SAN FRANCISCO — State and University of California officials praised the nomination of Homeland Security Secretary Janet Napolitano to lead California’s flagship university system, though critics pointed out that she has little experience in the education field.
Napolitano’s nomination — announced by university officials on Friday — follows a rocky stretch for one of the nation’s most prestigious public school systems that includes the University of California, Berkeley and UCLA. UC has recently faced tighter budgets and raucous protests over tuition, which has nearly doubled in the last five years.
In addition to her tenure as homeland security secretary, Napolitano was governor of Arizona and U.S. Attorney for the District of Arizona. But she has never served as head of an academic institution or system.
“She might have a lot of background in government, but there is concern about the depth of her knowledge and experience in higher education,” said Bob Samuels, president of the University Council-American Federation of Teachers, a union that represents about 4,000 non-tenured UC faculty and librarians.
Chair of the selection committee Sherry Lansing acknowledged Napolitano is an unconventional choice, but said in a statement Napolitano brings management experience and leadership to the role. Lansing declined to comment more on how and why Napolitano was chosen through a UC spokeswoman.
Gov. Jerry Brown said her “outsider’s mind” would be a boon.
“Secretary Napolitano has the strength of character and an outsider’s mind that will well serve the students and faculty. It will be exciting to work with her,” Brown said.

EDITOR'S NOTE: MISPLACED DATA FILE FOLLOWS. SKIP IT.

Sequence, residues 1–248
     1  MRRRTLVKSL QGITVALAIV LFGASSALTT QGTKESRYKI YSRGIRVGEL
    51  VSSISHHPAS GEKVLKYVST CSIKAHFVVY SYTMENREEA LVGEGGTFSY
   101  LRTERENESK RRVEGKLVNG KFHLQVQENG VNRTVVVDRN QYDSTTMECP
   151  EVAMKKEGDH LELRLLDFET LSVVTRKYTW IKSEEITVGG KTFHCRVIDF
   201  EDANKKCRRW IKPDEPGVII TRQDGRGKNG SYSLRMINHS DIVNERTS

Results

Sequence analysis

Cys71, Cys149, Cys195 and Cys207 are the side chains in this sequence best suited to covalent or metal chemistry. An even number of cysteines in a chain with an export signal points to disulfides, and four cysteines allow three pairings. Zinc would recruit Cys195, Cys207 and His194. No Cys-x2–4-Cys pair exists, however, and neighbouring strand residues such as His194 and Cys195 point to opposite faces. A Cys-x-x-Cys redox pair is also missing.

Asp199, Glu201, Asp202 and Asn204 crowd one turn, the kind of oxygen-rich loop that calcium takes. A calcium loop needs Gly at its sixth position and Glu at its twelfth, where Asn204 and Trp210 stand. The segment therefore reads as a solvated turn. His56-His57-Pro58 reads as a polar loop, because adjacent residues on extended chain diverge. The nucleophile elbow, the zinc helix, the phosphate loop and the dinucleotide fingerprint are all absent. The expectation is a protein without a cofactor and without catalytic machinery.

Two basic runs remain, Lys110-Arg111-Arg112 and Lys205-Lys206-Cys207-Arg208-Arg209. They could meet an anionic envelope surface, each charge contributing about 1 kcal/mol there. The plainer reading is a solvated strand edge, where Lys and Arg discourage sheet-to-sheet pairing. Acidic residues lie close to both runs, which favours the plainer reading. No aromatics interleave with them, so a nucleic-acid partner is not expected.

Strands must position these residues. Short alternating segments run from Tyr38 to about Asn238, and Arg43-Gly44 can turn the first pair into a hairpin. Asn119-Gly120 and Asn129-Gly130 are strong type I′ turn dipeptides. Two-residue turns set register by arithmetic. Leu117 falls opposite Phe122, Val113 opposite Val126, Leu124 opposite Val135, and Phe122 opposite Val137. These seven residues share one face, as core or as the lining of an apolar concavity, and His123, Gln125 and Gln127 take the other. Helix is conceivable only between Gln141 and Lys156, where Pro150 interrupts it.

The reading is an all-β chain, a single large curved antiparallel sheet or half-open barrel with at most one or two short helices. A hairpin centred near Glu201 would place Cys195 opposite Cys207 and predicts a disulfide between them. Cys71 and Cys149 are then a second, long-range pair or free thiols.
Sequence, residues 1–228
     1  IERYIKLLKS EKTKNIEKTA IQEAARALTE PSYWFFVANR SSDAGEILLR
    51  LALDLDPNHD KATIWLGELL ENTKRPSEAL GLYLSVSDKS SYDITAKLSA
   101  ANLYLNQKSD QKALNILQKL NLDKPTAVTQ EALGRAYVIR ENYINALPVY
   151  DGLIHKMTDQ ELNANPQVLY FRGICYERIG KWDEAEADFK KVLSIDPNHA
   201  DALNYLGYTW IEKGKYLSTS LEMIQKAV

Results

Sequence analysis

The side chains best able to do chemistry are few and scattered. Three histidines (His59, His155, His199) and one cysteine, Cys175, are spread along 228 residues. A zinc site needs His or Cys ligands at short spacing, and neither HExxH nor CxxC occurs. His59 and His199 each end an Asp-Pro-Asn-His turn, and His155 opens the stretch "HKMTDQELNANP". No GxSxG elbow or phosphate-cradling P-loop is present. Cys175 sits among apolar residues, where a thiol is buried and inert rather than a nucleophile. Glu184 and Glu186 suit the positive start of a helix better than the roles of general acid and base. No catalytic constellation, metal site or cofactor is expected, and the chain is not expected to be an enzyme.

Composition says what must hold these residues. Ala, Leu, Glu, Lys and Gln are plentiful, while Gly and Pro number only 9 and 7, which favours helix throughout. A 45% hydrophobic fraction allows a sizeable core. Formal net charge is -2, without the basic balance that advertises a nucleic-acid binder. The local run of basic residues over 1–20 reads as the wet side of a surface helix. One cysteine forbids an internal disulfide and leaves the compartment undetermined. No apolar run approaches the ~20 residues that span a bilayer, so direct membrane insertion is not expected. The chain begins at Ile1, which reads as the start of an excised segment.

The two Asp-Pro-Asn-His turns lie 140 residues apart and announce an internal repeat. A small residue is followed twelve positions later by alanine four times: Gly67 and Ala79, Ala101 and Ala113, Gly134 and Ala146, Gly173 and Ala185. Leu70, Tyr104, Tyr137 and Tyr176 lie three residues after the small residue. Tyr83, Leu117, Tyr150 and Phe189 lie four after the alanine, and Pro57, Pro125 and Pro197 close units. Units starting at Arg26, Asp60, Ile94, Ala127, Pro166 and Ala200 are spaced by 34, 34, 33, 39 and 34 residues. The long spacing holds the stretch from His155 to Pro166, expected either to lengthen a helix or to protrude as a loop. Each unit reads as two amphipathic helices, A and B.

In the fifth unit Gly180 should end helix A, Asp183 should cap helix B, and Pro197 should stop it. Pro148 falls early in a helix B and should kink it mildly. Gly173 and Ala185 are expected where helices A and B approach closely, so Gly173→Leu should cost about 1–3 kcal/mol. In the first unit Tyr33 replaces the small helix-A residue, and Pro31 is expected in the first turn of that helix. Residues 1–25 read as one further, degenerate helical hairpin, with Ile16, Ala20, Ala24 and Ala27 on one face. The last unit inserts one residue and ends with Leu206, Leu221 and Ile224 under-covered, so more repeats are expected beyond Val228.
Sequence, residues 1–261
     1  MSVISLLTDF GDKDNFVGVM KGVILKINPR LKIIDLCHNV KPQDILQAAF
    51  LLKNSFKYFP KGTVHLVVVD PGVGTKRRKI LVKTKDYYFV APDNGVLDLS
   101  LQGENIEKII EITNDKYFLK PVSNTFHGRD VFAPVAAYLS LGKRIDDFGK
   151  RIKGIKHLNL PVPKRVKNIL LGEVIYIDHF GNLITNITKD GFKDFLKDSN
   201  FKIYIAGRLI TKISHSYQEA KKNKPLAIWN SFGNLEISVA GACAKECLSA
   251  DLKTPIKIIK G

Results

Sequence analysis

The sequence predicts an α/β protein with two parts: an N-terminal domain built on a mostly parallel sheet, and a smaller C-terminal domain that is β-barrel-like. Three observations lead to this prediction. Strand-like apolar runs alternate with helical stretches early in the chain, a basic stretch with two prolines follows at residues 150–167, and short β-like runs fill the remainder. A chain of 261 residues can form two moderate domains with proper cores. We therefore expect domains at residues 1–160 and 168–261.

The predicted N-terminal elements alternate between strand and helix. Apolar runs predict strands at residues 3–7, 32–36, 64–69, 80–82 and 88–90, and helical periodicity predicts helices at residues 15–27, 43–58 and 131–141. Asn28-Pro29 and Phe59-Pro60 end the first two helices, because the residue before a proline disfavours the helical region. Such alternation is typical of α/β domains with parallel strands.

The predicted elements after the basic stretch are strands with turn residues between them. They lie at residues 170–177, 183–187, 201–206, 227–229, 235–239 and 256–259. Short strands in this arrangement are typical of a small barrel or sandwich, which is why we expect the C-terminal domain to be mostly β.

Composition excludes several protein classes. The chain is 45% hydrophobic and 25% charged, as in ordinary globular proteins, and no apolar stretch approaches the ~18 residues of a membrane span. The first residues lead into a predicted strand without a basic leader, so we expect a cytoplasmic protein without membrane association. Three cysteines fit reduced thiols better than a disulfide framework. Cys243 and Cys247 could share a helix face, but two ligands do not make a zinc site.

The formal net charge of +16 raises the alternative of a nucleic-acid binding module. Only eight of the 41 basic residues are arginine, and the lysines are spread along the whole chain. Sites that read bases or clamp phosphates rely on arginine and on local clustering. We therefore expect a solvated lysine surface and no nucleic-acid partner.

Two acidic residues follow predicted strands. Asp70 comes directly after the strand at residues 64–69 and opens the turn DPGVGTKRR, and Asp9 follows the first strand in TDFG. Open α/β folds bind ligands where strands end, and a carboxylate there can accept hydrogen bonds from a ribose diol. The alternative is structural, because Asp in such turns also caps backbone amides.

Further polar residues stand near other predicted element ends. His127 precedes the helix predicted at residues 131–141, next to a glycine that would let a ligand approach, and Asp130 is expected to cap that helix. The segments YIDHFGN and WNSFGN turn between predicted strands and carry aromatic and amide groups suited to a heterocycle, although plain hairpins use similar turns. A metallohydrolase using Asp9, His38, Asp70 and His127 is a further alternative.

Bruce Varner, chair of the university’s board of regents, said in a statement that Napolitano has a track record for taking on and tackling the toughest challenges.
“She has a reputation for seeing things through, no matter how difficult the effort,” he said.
Molly Corbett Broad, president of the American Council on Education, said university presidents typically spend time fundraising and dealing with politics, which Napolitano knows how to do well. She said Napolitano will also be effective at saving money by streamlining UC administration.
“That’s one of her very great strengths, key at a time when we’re seeing funding from universities diminish and funding for science and research diminish,” Broad said.
University officials said a selection committee considered more than 300 people for the position and unanimously voted to nominate Napolitano. The UC Board of Regents is expected to vote on the nomination Thursday. Napolitano would succeed outgoing President Mark Yudof, who led UC for five years and was frequently criticized by students and union activists for his pay package, which includes a $591,000 base salary plus generous allowances and retirement benefits.
The regents will determine Napolitano’s compensation next week, UC officials said.
After several years of deep budget cuts, Brown earlier this month signed a state budget that boosts funding for UC. But the system still faces serious financial challenges, including rising costs for employee salaries and retirement benefits.
The UC system has also significantly increased the number of out-of-state students, who pay three times more than in-state residents. That has prompted complaints that many top California students are being shut out of the most prestigious UC campuses.
Associated Press writer Terry Chea contributed to this report from Alameda, Calif.